office feature was maybe two years ago, and that was through a friend who put me on. It’s all through the internet and word-of-mouth. 

Tótem: I also wanted to know more about the editing style that you’re into now. Was there an initial trigger where you were saying, ‘oh, I want to see more of this in my work,’ or were you just going about it intuitively? 


Yulissa: I guess music. I’ve always been really into 90s and 2000s music culture. If you see their photoshoots and music videos they go crazy – the angles and the colors are so insane. That’s one. And punk posters are another influence. You know, black-and-white punk show posters, old fliers from the 90s, raves, music videos, music. I try to interpret it into my photographs now, and then build what I want from there. I never really plan it, I just go along with the photo. There’s a lot of trial and error, and not everything I do is good. I do a lot of layering, and scanning, and sewing. I’ve been sewing a lot of my photos.


Tótem: That’s so og! I love it. Do you see yourself as continuing a tradition, then? Like this style from the 90s; reinterpreting and continuing?

Yeah, reinterpreting. Eventually I’m going to get bored with the things that I’m doing now, like grow out of it. I kind of want to get more into street photography. Stray away from editorials and photoshoots for a bit, and take photos of nightlife. It’s almost post-pandemic – is that the word? [laughs] It sounds so crazy to say – and once things start getting better and people start going back out I think it’s going to be really cool to photograph that: life after the pandemic.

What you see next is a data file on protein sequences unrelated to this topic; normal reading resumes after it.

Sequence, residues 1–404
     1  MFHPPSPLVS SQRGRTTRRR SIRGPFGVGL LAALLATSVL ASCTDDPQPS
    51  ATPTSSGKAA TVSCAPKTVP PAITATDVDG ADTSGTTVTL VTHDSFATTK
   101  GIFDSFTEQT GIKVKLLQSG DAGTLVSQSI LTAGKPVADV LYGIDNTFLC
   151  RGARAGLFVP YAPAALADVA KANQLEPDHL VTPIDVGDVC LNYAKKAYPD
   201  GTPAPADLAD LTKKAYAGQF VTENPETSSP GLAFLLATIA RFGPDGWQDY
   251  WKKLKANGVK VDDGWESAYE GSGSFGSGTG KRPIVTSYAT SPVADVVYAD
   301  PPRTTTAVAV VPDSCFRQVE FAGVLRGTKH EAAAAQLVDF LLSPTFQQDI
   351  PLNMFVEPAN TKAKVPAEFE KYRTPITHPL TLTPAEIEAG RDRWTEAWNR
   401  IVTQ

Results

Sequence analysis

Tótem: What do you want to see overall in image culture? Not just you, but in pop culture
and representation. 

Representation… I want to see people being put on. People who are constantly creating, and not necessarily from a rich background, or a background in photography. I want to see more people who are making things for themselves. Self-made, in a way. Kids who are working so hard, I want to see them, I want to see their work being put on. 

I really like a lot of what I’m seeing now. There are so many talented people out there. I want to keep seeing people who deserve to shine, shine through. I want to see the kids getting paid, getting opportunities, getting their work put on. 

Tótem: As far as experimentation goes, what do you want to see from yourself? 

I want to experiment with video. My friend makes music, and they’re trying to get things going again now that shows are resuming. They want to make a video and they want me to work on direction for it. I think that’s a good start, with somebody I already know, and am a little more comfortable with.

By Alex Free